Creek

Creek

[kreek, krik]
Creek, Native North American confederacy. The peoples forming it were mostly of the Muskogean branch of the Hokan-Siouan linguistic stock (see Native American languages). The Creek received their name from early white traders because so many of their villages were located at rivers and creeks. They lived primarily in Alabama and Georgia and were settled, agricultural people. There were more than 50 towns, generally called tribes, in the confederacy, which was formed chiefly for protection against the tribes to the north. Certain villages were set aside for war ceremonies, others for peace celebrations. Each had its annual green corn dance. This festival was a time for renewing social ties and was a period of amnesty for criminals, except murderers. The Creek Confederacy was not ruled by a permanent central government. The structure was a combination of democratic and communal principles. Decisions by the national council were not binding on towns or individuals who wished to dissent. Nevertheless, civil strife was almost unknown among them. Private ownership of land was unknown, but crops were privately owned to a degree. Each owner was required to contribute a certain portion for public use.

The Creek impressed the first European explorers (Hernando De Soto saw them in 1540) by their height, their proud bearing, and their love of ornament. They were hostile to the Spanish and therefore friendly to the British in colonial days, but, frightened by white encroachment and fired by the teachings of the Shawnee chief Tecumseh, they rebelled in the Creek War of 1813-14. They massacred a large number of American settlers at Fort Mims, and Andrew Jackson won part of his reputation by defeating them at the battle of Horseshoe Bend. By a treaty signed in 1814 the Creek ceded approximately two thirds of their land to the United States, and subsequent cessions further reduced their holdings. Eventually they were moved to the Indian Territory, where they became one of the Five Civilized Tribes. A treaty signed by the confederacy in 1889 permitted white settlement of their lands, and there was great bitterness among the Creek. In 1990 there were over 45,000 Creek, most of them living in Oklahoma.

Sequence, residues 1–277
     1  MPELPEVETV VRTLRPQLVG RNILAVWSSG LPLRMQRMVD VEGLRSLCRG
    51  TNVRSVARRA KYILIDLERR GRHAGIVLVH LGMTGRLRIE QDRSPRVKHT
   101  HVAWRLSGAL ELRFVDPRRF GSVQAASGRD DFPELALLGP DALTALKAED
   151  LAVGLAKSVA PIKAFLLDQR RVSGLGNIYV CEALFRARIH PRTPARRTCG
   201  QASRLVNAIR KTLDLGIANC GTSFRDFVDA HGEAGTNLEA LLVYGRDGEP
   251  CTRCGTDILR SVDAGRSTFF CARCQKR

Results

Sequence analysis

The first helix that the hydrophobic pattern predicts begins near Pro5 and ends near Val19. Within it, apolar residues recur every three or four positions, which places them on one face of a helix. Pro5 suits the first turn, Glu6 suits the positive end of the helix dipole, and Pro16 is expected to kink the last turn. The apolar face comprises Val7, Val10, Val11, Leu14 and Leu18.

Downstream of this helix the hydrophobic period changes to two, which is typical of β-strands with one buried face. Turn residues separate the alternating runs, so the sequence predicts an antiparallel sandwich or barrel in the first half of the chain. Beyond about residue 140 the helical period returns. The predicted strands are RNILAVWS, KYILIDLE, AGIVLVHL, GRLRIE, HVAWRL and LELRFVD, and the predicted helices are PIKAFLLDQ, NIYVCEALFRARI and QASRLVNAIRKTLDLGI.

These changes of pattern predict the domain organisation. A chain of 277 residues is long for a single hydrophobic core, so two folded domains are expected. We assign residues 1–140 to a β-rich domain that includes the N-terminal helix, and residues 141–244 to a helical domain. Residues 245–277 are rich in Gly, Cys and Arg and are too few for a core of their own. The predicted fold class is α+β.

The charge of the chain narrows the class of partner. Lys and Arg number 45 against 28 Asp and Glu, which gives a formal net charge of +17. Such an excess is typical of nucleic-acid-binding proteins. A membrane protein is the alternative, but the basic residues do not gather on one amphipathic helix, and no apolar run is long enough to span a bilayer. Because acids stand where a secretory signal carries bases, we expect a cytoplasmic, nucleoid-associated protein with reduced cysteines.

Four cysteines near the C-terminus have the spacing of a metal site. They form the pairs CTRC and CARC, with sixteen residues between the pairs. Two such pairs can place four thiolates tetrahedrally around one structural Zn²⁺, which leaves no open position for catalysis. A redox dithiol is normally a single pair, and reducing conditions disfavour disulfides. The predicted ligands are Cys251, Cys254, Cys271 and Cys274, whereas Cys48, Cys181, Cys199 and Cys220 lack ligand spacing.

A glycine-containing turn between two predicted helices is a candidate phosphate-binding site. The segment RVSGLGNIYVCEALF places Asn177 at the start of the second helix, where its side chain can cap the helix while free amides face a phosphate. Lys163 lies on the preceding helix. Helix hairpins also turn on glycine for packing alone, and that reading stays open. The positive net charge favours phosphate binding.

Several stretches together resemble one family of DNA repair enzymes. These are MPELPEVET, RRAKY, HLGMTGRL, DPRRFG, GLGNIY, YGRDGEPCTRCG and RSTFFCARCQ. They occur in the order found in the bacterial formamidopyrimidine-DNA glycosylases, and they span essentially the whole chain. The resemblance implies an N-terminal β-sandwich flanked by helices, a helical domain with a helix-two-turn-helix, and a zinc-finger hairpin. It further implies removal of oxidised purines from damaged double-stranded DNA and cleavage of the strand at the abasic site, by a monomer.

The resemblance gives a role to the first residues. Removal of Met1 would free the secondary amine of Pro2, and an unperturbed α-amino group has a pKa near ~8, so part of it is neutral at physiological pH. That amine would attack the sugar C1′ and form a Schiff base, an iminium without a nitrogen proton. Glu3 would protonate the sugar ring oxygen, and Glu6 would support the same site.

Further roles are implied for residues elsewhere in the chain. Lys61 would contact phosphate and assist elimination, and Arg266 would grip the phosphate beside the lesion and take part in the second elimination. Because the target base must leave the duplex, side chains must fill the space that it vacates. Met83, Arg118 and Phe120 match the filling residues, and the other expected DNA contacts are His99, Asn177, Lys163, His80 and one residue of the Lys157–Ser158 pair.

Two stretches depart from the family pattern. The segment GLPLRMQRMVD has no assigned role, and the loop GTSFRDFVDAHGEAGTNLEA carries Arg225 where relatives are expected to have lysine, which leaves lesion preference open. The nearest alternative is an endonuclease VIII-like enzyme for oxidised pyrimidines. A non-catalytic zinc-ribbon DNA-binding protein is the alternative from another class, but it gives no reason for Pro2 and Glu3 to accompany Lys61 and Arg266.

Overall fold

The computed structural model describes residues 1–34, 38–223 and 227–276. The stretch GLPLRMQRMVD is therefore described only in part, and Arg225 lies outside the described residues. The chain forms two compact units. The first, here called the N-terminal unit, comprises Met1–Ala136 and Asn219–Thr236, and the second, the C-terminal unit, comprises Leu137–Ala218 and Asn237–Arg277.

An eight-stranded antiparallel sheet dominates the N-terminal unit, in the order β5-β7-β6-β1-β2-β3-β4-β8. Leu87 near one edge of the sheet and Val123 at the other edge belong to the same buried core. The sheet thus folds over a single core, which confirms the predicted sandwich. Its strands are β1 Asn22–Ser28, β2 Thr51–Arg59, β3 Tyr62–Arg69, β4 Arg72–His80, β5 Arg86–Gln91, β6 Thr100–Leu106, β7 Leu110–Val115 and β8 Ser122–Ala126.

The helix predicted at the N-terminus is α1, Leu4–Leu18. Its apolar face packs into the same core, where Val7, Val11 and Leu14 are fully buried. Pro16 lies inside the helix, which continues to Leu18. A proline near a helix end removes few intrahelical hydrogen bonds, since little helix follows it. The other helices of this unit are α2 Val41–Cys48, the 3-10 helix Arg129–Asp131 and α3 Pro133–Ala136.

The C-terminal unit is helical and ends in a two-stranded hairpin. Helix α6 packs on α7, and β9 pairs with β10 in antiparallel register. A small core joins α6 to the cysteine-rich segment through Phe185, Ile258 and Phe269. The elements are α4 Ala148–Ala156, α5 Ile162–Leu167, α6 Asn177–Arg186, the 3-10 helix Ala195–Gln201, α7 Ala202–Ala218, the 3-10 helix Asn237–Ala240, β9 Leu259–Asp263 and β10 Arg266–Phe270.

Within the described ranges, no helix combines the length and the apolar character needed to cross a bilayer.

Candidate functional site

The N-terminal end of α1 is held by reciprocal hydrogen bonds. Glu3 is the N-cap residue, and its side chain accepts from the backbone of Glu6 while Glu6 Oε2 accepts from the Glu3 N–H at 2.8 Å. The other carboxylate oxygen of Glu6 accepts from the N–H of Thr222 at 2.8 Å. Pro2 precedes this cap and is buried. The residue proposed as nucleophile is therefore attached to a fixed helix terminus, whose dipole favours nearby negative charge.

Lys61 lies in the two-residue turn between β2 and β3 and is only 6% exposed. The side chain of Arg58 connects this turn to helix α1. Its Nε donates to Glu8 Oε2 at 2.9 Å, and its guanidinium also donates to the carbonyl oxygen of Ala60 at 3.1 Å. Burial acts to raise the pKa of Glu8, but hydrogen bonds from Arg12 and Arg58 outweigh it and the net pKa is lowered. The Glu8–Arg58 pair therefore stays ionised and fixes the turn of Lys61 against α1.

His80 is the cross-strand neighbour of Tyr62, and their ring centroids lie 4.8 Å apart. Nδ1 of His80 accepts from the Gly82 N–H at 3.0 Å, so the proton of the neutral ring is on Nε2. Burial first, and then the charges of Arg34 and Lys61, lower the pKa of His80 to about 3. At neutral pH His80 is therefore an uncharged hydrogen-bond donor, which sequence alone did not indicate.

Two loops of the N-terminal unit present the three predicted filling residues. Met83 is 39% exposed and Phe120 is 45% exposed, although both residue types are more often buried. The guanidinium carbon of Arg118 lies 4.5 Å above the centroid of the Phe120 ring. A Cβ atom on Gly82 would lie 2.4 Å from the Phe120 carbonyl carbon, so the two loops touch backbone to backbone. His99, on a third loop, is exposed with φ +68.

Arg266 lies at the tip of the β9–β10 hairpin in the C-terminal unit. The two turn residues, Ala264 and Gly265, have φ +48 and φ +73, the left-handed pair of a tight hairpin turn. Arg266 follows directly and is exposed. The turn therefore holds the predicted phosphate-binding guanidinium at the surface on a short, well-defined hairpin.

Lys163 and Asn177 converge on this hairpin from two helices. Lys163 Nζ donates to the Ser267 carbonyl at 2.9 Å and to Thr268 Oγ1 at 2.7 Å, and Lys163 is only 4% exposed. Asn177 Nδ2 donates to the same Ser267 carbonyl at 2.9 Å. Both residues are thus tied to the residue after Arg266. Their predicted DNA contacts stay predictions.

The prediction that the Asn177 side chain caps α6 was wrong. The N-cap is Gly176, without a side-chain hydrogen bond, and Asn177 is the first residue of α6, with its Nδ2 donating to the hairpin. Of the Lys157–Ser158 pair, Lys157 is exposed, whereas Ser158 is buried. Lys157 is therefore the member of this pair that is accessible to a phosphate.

See J. R. Swanton, The Early History of the Creek Indians (1922) and Social Origins and Social Usages of the Indians of the Creek Confederacy (1928, repr. 1970); G. Foreman, The Five Civilized Tribes (new ed. 1953, repr. 1966); D. H. Corkran, The Creek Frontier, 1540-1783 (1967).

or Muscogee

Ben Perryman, a Creek Indian, painting by George Catlin, 1836; in the Smithsonian American Art elipsis

Muskogean-speaking North American Indian people living mainly in Oklahoma, U.S., and also in Georgia and Alabama. A fluid confederation of groups that occupied much of the Georgia and Alabama flatlands before colonization, the Creek comprised two major divisions: the Upper Creeks (living on the Coosa and Tallapoosa rivers) and the Lower Creeks (living on the Chatahootchee and Flint rivers). They cultivated corn, beans, and squash. Each Creek town had a plaza or community square, often with a temple, around which were built rectangular houses. Religious observances included the Busk (Green Corn Festival), an annual first-fruits and new-fires rite. In the 18th century a Creek Confederacy—including the Natchez, Yuchi, Shawnee, and others—was organized to present a united front against both European and Indian enemies. Ultimately, the confederacy did not succeed, in part because the Creek towns (about 50, with a total population of perhaps 20,000) were not able to coordinate the contribution of warriors to a common battle plan. The Creek War against the U.S. (1813–14) ended with the defeated Creeks ceding 23 million acres. Subsequently most were forcibly removed to Indian Territory (Oklahoma). Creek descendants numbered more than 71,300 in the early 21st century.

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Creek may refer to:

+ creek , a sound of the floorboards

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